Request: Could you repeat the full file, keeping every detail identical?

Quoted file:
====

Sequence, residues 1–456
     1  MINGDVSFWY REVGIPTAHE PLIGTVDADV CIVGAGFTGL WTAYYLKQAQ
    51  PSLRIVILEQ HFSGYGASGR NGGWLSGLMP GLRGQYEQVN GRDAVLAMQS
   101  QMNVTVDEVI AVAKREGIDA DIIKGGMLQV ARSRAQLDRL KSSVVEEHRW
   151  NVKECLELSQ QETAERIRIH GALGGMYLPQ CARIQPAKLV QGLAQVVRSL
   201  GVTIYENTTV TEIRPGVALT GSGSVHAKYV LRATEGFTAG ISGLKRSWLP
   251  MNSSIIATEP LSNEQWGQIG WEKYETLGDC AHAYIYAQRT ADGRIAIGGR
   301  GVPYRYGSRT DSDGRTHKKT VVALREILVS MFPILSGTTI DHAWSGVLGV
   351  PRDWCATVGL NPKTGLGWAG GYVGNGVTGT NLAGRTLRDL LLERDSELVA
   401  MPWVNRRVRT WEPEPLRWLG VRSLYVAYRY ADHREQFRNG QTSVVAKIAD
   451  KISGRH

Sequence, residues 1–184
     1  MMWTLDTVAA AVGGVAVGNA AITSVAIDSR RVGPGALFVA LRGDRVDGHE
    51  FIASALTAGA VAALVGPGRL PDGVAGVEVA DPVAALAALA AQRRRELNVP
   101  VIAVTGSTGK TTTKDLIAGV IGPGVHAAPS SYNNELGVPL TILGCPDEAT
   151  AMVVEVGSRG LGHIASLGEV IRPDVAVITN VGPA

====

Sequence, residues 1–456
     1  MINGDVSFWY REVGIPTAHE PLIGTVDADV CIVGAGFTGL WTAYYLKQAQ
    51  PSLRIVILEQ HFSGYGASGR NGGWLSGLMP GLRGQYEQVN GRDAVLAMQS
   101  QMNVTVDEVI AVAKREGIDA DIIKGGMLQV ARSRAQLDRL KSSVVEEHRW
   151  NVKECLELSQ QETAERIRIH GALGGMYLPQ CARIQPAKLV QGLAQVVRSL
   201  GVTIYENTTV TEIRPGVALT GSGSVHAKYV LRATEGFTAG ISGLKRSWLP
   251  MNSSIIATEP LSNEQWGQIG WEKYETLGDC AHAYIYAQRT ADGRIAIGGR
   301  GVPYRYGSRT DSDGRTHKKT VVALREILVS MFPILSGTTI DHAWSGVLGV
   351  PRDWCATVGL NPKTGLGWAG GYVGNGVTGT NLAGRTLRDL LLERDSELVA
   401  MPWVNRRVRT WEPEPLRWLG VRSLYVAYRY ADHREQFRNG QTSVVAKIAD
   451  KISGRH

Sequence, residues 1–184
     1  MMWTLDTVAA AVGGVAVGNA AITSVAIDSR RVGPGALFVA LRGDRVDGHE
    51  FIASALTAGA VAALVGPGRL PDGVAGVEVA DPVAALAALA AQRRRELNVP
   101  VIAVTGSTGK TTTKDLIAGV IGPGVHAAPS SYNNELGVPL TILGCPDEAT
   151  AMVVEVGSRG LGHIASLGEV IRPDVAVITN VGPA